Business

Chinese stocks, yuan tumble after Beijing tightens credit

China’s stocks, currency and corporate bonds suffered their biggest fall in years Tuesday after Beijing took steps to introduce restrictions on the corporate bond market.

World stocks follow amid reports China will cut GDP growth target to 7%

An investor gestures in front of the stock price monitor at a private securities company in Shanghai, China. Shanghai's index fell 5.4 per cent on Tuesday. (Associated Press)

China’s stocks, currency and corporate bonds suffered their biggest fall in years Tuesday after Beijing took steps to introduce restrictions on the corporate bond market.

The benchmark Shanghai index was down 5.4 per cent after hitting a record level earlier in the session. The index has been on a wild ride this year, climbing 40 per cent since the summer despite indications the Chinese economy is weakening.

China’s financial services regulator banned investors from using low-grade corporate debt as collateral to borrow cash, a move geared to reducing risks to the financial sector.

China is concerned about high leverage investing that has pushed Shanghair stocks higher and about the massive debts taken on by local governments to fund infrastructure projects.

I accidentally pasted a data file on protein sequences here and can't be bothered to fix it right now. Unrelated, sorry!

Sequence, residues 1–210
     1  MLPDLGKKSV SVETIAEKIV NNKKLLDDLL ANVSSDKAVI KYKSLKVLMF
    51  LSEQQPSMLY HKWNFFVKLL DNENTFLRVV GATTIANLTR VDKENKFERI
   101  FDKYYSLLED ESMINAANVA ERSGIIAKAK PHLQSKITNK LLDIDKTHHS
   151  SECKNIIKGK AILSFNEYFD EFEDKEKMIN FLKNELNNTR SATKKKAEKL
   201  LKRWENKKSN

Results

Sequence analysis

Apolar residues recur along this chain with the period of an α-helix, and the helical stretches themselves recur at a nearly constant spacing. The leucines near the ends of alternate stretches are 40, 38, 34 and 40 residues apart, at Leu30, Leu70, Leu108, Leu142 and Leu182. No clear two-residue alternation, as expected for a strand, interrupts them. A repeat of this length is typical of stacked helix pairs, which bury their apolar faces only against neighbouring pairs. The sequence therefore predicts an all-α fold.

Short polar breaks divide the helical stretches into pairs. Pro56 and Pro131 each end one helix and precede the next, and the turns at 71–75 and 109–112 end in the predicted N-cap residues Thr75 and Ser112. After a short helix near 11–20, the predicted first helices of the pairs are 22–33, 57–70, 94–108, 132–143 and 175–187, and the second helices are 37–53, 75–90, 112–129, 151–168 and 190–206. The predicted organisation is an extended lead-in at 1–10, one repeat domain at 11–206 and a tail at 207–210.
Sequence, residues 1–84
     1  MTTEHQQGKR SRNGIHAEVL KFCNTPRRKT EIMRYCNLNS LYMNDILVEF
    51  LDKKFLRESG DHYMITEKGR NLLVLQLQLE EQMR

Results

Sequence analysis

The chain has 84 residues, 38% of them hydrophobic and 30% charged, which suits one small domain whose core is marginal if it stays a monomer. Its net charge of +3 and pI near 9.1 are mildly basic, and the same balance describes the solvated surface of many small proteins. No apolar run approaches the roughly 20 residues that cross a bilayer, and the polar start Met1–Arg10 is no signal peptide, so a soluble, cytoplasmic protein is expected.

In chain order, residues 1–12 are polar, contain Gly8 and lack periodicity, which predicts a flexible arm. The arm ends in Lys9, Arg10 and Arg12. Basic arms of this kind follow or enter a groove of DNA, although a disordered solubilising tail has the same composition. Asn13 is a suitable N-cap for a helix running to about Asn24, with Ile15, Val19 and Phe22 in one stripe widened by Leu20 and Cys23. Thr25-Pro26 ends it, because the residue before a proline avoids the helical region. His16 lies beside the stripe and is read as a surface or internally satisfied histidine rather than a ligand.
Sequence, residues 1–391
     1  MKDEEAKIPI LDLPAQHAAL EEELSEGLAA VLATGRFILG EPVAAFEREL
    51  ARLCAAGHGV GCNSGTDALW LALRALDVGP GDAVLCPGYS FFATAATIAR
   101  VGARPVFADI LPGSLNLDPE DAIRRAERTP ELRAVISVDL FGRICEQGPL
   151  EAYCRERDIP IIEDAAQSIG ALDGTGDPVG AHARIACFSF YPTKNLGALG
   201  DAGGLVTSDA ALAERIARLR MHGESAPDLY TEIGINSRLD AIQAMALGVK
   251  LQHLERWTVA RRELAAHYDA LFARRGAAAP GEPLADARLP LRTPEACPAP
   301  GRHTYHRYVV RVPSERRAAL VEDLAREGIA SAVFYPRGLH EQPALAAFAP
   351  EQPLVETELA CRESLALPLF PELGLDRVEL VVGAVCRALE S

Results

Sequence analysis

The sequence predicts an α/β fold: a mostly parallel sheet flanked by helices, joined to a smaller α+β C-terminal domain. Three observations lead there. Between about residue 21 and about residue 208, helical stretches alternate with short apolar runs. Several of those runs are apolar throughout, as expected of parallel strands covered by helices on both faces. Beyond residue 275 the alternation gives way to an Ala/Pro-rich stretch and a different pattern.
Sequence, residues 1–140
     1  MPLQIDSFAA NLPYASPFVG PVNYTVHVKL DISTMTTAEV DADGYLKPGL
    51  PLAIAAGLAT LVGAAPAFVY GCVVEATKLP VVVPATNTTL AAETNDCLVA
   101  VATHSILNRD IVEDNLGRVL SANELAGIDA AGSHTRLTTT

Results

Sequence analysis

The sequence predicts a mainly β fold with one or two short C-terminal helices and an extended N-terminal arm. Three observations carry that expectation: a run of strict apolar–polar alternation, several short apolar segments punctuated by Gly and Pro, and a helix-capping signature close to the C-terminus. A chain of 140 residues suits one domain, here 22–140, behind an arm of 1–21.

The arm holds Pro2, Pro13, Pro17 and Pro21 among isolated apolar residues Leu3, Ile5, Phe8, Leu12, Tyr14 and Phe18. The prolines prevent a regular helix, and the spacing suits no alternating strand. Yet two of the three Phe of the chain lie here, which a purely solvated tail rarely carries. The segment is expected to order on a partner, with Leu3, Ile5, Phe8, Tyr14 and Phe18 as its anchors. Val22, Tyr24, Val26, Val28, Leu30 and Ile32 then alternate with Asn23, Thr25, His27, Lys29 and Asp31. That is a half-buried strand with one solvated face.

Bonds fell sharply in response to the move and the yuan fell to a five-month low against the U.S. dollar.

Asian stocks fell, Europe follows

Hong Kong’s Hang Seng index fell 2.3 per cent and Japan’s stocks were down 0.68 per cent, while Europe’s markets headed lower on the selloff in Asia.

Europe's stocks were also hit by news of a snap election in Greece, which knocked down Greek stocks by 13 per cent.

Investors in China have widely expected more stimulus spending from government, as China’s GDP is expected to miss this year’s growth target of 7.5 per cent.

But as policy makers gather in Beijing for a key summit, the Communist Party’s flagship newspaper, the People's Daily, spoke of the need for slower growth and more structural reform.

“The important objectives are to adjust the economic structure and boost its quality,” said Liu Shijin, vice president of the State Council’s Development Research Center, in the commentary.

Don't expect stimulus

“As the economy begins to lose momentum, an appropriate amount of stimulus may be required. ... But it should be made clear that stimulus should only be used to regain economic balance and should not be seen as a way to solve medium and long-term structural problems.”

The newspaper also had a front-page report saying an end to high growth was the “new normal.”

For the past few years, the world has relied on China's growth to help stimulate demand for oil, other commodities and consumer goods. Its slowdown has helped contribute to the falling price of oil.

The summit is expected to downgrade China’s growth target to seven per cent in 2015.

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